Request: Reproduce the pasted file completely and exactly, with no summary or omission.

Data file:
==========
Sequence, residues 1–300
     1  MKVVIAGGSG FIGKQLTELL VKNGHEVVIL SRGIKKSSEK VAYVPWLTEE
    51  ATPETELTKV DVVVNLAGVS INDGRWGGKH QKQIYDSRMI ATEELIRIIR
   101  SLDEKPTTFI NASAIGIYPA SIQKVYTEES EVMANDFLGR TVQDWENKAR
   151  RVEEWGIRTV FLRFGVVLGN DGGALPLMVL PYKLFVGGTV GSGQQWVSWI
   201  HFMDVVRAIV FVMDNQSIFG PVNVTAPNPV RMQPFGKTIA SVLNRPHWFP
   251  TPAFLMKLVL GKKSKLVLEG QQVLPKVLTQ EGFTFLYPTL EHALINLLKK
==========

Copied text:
Sequence, residues 1–300
     1  MKVVIAGGSG FIGKQLTELL VKNGHEVVIL SRGIKKSSEK VAYVPWLTEE
    51  ATPETELTKV DVVVNLAGVS INDGRWGGKH QKQIYDSRMI ATEELIRIIR
   101  SLDEKPTTFI NASAIGIYPA SIQKVYTEES EVMANDFLGR TVQDWENKAR
   151  RVEEWGIRTV FLRFGVVLGN DGGALPLMVL PYKLFVGGTV GSGQQWVSWI
   201  HFMDVVRAIV FVMDNQSIFG PVNVTAPNPV RMQPFGKTIA SVLNRPHWFP
   251  TPAFLMKLVL GKKSKLVLEG QQVLPKVLTQ EGFTFLYPTL EHALINLLKK